Comments on: Data.gov and lessons from the open-source world http://gov2.net.au/blog/2009/08/26/lessons-from-the-open-source-world/ Design by Ben Crothers of Catch Media Wed, 28 Apr 2010 12:51:50 +1000 http://wordpress.org/?v=2.8.6 hourly 1 By: Madeleine Kingston http://gov2.net.au/blog/2009/08/26/lessons-from-the-open-source-world/comment-page-1/#comment-14883 Madeleine Kingston Wed, 28 Apr 2010 11:23:50 +0000 http://gov2.net.au/?p=662#comment-14883 I felt so sure the blog above would be moderated, given my recent experiences of experimenting with openness, trust and moderation expectations in one blog forum or another. Don't let me down. My standards are high. I walk away from negative relationships - always. As mentioned before, I have had some negative experiences lately of blogging. Does this phase me? No. What are relationships without trust and tolerance of alternative viewpoints? If it is not there, move on. Make word count and moderation policies clear from the outset. Don't waste the time of committed stakeholders. Does it matter that I am forming relationships with "Faceless Bureaucrats." No. (stand up designer of the graphic of that article - my feedback is really positive - just love it). Good to know that one can name pseudonyms, speak from the heart, make spelling mistakes, talk about the underlying meaning and purpose of Gov 2 (as opposed to Web2 - as in timely information provision in the moment). Is Gov2 up to a few mistakes? Is it up to being honest. Engaging with stakeholders in a meaningful way for the long haul? If so, I am will still be around. If not, I will take the view that it was fun whilst it lasted, and move on to greener pastures. Gov 2 Taskforce if you are there, and notwithstanding my half-teasing comments about your Faceless Persona (all bets off if you misinterpret this remark) Hear me say this - speak up, let us know where things are at and whether the identified distinction between Web2 and Gov2 will be addressed in the interests of the improved governance and policy decisions that impact on the fundamentals of sustainability in every possible sphere. Look for timely identification of problems in these arenas before they become entrenched. Seek application of layered participation. Identify your target market, but don't neglect other more incidental and short-term engagement prospects. I may joke, play innocent' use escapist jargon; make obsure literary references; flatter; cajole; gesticulate; seek guidance with technical gaps in both accessing and providing data. Bottom line: I am seeking a reciprocal and sustained dialogue - and adoption of improved national governance and policy. I am not concerned about how this achieved, or what the budgetary constraints are; or what the delays may be. I just want to see this goal achieved. Adam Smith - I bow to you as a legend. But times move on. I will never forget you. Steve McShane and Tony Travaglione - your Organizational Behaviour on the Pacfic Rim was and is an inspiration to me. Splendidly presented. But it is three years since it was published. We need an update. Already Maslow's Hierarchy of Needs has been challenged - by McShane and Travaglione (2007)newcomers to the scene of Organizational Behaviour (on the Pacific Rim) 2007. What else should be questioned in terms of assessing human needs and expectations? It would be too smug to cite the favourite theorists of the past. Move with the times. Theorize in the here and now. Be prepared to reassess, re-evaluate, evaluate again - leave complacency behind. There is no room for it. Don't be afraid to seek professional evaluative advice. This means before not after the event. Evaluation is a process not an assessment of what has already occurred I am looking for implementation of the deeper embedded message behind engagement and information exchange. I will be patient but also realistic - and I will be looking for deliverable and measurable outcomes that are timely and accountable. I am not in the right demographic category for your target market at all if you are looking for superficial "in-the-moment" information provision. I need and expect more - much more. Can you deliver it? Don't box me or anyone else in your target audience. Each of us is unique. Acknowledge that, respect it and allow for it. Behavioural economics has for decades been under-evaluated and misunderstood, besides being an inexact science. That is why we cannot get assessments of consumer behaviour and market performance correctly assessed. Have a look, for instance as the history of poorly assessed competitive markets in the energy erena, as one example of low-involvement commodity markets for which "rapid churn" has been mistaken for competition in action. Go back four decades and more. Learn from the lesson of recurrent history. In 1979 Peter Applegarth, then Executive Member of the Queensland Council for Civil Liberties said: “The Government’s actions are motivated by fear. Fear that citizens will begin to tell the Government what the law should be, instead of the Government telling the citizens what the law.” “All power is a trust handed to Government by the people. Any other power is usurpation.” Now in the year 2008, Government initiatives are seeking to receive input from stakeholders adversely affected by regulations as evidenced by the philosophies embraced by the Productivity Commission’s Inquiry in Australia’s Consumer Policy Framework. There is a dearth of consumer input into enquiries such as this. There are cautions about the tactical shift by industry groups, home and abroad and pertinent questions as to whether such a shift is motivated by a confluence of self-interest. In the area of goods, it is easy to say that growing competition from inexpensive imports that do not meet voluntary standards and a desire to head off liability lawsuits and pre-empt tough state laws or legal actions that may have resulted from a laissez-faire response to policies in place. One interesting US example is the case of the Altria group, owner of the cigarette manufacturing firm Phillip Morris. The unexpected proposal was made by that group to allow the F.D.A. to regulate the manufacture and marketing of tobacco products. Such legislation is pending in the US. Critics are saying that this is a bid by Phillip Morris to weaken opposition to cigarettes by working with the government, and could help the company maintain its market share. Reducing regulatory burden is a long-time goal of the Productivity Commission in Australia as well as of other bodies. It is commendable if the outcomes for all concerned are equitable. The energy industry in Australia appears to be super-enthusiastic about the changes proposed putting forward well-structured and plausible arguments in the interest of least burdensome regulatory control. What will be the consequences for consumers? Rosario Palmieri, a regulatory lobbyist at the US National Association of Manufacturers, a body that has often opposed government regulations, is reported as observing the change with equanimity. The Director of Regulatory Policy OMB Watch (Office of Management and Budget) of the Washington group that tracks regulatory actions has never seen so many industries joining the push for regulation. He poses a pertinent question: will this achieve a real increase in standards and public protections or simply serve corporate interests? Of the US situation Sarah Klein, a lawyer at the Centre for Science in the Public Interest is seeking to examine the problems created by a failed voluntary system in the grocery store and produce grower segment. Ms Klein sees the situation as a strange bedfellow one where community organizations and watchdogs are putting into place national regulatory frameworks for quite different reasons to those of industry players. Says Klein: “……industry officials consumer groups and regulatory experts all agree there has been a recent surge of requests for new regulations and one reason they give is the Bush administration’s willingness to include provisions that would block consumer lawsuits in state and federal courts." It is more than interesting that some of this thinking is reflected in the conceptual model proposed by Allens Arthur Robinson in the Composite Working Paper National Framework for Distribution and Retail Regulation recommendations (proposed national template Law, energy). Some are saying that it is like Christmas in particular industries. However, many clauses are being challenged in the US courts where they block the inherent right of individuals to seek seamless redress through the courts and are not theoretically expected to rely on advocacy and alternative dispute models alone. In the New York Times Opinion article dated 16 September 2007, still on the subject of uniform regulation and in the case of toys, for example, mandatory testing is believed to be a good idea in principle. However, it is observed that Each of us has needs and expectations that cannot just be boxed, categorized and subjected to the usual processes of statistical evaluation. Did Adam Smikth know every thing? How about Maslow? Read my tips on evaluation theory posted elsewhere on Gov2 and Club Troppo. Long-winded, I confess, but worthy of at least a second glance. Those were not my own ideas as freely confessed. They were the views of those whose expertise and writings have made me what I am by the mere existence of the availability of those views. I owe so much to so many who by there mere existence of what they have written and made accessible have influence the whole course of my life. They are responsbile for the passion that motivates me. There are too many to mention. Make no mistake. Some revered theorists are about to be challenged. How can anyone place people into categories simply to uphold outdated theories of consumer behaviour and market conduct. The 21st century has arrived. Consumers are just not what they used to be. My fly. Duty calls. Catch me if you can. I too am a 'Faceless Stakeholder,: the counterpart of the "Faceless Bureaucrat." I don't fit in a box and nor do any of your stakeholders. Forget about traditional marketing concept theories. Treat each of your stakeholders as individuals. The era of labelling people is outdated. Target, target, target is as to marketing theory as location, location, location is to propety. How about it guys? Capture the moment, but think sustainability? Walk in the shoes of your target audience and you will achieve. Make your goals sustainable, so say nothing of specific, measurable, achievable, realistic and simly, the traditional SMART principles of good marketing theory. Some of those old acronyms do survive the test of time. Chose carefully swhat says and what goes. Not all theories ahd acronyms are sustainable. Toss out the textbooks that have not meaured up and may need to be revised. Oops, my coffee break is over. I am say behind. Regards Madeleine Kingston mkin2711@bigpond.net.au I felt so sure the blog above would be moderated, given my recent experiences of experimenting with openness, trust and moderation expectations in one blog forum or another. Don’t let me down. My standards are high. I walk away from negative relationships – always.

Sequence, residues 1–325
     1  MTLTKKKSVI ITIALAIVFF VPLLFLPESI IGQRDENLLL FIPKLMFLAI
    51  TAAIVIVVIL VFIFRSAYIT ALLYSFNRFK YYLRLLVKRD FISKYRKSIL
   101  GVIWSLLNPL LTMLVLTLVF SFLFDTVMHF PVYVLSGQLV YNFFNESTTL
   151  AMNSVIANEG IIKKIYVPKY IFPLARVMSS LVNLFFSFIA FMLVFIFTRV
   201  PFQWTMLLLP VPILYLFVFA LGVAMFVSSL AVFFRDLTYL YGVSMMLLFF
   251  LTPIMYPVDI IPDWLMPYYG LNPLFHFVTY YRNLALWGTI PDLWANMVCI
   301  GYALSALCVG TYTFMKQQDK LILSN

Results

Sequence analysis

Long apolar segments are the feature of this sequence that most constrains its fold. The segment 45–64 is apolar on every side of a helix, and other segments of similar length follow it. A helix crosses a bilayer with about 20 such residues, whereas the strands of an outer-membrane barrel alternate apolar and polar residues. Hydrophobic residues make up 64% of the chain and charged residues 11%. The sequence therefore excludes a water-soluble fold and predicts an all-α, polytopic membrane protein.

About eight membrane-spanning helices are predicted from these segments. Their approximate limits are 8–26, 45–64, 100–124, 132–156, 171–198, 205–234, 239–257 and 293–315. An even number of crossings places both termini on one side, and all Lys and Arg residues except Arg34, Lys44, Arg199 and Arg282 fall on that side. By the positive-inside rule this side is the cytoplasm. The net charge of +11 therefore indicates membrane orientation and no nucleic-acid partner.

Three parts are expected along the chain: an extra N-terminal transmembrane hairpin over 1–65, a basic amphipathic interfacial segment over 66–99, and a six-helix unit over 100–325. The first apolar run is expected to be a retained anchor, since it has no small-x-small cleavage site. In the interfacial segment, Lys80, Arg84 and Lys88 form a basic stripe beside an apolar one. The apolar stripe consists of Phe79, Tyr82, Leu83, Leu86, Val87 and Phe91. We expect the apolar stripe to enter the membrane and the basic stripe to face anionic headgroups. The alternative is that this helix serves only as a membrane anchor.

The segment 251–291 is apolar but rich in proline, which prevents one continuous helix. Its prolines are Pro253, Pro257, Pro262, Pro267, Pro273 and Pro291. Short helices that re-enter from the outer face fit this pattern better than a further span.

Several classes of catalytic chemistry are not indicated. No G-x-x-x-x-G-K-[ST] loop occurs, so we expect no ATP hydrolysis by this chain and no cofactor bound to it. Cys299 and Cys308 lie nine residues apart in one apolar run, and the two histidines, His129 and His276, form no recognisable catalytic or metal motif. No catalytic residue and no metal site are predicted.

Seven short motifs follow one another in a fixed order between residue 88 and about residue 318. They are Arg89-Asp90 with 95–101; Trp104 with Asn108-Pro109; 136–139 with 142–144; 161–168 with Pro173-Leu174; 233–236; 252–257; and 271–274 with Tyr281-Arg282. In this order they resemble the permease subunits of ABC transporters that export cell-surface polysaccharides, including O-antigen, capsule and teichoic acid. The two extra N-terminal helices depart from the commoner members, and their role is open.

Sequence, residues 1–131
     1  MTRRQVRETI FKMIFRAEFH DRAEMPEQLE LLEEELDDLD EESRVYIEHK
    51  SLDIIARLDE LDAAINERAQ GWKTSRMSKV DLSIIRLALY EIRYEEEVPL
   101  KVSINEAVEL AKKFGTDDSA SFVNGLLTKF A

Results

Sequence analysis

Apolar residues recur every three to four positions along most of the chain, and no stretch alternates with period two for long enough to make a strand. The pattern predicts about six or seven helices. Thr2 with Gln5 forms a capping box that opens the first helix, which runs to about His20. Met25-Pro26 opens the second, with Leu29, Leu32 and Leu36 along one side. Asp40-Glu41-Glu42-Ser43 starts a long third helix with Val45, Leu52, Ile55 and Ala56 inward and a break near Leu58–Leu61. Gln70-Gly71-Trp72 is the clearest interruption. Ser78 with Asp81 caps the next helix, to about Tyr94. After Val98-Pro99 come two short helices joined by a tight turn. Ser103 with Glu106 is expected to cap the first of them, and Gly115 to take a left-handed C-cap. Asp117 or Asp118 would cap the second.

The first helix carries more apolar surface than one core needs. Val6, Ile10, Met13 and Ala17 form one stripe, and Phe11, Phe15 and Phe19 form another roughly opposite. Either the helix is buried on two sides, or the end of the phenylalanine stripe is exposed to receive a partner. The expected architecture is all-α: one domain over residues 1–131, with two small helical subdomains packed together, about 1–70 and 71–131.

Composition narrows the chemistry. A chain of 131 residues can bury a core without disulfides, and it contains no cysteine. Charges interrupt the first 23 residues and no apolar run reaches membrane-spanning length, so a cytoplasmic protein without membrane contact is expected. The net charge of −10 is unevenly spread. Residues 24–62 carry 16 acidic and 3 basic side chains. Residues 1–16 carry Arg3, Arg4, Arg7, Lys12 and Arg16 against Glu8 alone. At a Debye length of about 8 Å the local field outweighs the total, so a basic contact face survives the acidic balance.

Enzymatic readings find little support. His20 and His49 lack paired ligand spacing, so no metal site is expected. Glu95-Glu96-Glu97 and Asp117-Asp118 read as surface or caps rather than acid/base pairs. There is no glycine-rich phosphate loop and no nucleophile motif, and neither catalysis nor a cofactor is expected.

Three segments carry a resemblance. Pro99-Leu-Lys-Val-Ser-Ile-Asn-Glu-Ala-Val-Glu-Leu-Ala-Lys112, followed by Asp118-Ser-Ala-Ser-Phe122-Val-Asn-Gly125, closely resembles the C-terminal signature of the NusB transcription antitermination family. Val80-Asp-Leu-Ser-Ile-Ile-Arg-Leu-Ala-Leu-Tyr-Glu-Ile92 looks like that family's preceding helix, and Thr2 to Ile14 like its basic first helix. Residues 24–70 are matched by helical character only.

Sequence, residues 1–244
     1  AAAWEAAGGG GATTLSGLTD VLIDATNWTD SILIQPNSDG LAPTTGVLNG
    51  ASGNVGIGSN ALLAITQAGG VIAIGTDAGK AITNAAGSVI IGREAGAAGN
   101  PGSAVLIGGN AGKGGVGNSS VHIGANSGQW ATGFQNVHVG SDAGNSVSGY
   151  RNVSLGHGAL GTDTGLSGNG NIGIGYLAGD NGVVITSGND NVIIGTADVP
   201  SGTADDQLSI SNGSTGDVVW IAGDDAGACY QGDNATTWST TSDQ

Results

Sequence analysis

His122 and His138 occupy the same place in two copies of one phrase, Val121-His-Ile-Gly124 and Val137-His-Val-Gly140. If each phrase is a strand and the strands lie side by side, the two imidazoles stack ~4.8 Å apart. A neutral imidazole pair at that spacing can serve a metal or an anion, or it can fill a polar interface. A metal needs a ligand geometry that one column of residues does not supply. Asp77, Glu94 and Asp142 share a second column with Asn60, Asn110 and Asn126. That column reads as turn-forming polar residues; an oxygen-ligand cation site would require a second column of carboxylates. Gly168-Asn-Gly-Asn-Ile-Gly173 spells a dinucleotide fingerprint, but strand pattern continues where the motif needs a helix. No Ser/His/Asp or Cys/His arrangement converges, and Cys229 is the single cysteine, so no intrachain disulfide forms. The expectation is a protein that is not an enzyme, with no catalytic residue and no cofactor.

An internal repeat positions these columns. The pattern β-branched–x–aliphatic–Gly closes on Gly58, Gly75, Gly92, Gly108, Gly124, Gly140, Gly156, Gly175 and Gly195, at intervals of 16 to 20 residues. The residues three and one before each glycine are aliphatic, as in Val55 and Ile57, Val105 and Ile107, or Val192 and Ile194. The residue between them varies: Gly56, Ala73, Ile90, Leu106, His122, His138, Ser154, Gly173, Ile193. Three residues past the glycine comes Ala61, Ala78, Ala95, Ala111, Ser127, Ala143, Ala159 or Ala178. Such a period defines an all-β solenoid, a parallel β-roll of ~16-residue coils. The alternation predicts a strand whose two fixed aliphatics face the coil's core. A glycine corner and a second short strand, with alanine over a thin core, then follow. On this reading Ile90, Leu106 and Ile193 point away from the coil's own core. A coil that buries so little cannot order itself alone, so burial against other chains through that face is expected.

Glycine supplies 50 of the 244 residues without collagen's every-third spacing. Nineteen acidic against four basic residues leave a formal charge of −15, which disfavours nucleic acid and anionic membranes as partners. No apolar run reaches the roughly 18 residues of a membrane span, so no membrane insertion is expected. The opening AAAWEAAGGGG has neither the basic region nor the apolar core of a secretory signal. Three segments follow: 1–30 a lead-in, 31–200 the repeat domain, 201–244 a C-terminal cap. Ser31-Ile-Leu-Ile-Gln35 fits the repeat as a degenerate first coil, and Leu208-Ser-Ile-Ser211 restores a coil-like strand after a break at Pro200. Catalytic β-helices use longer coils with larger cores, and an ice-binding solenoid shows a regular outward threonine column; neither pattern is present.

As mentioned before, I have had some negative experiences lately of blogging. Does this phase me? No. What are relationships without trust and tolerance of alternative viewpoints? If it is not there, move on.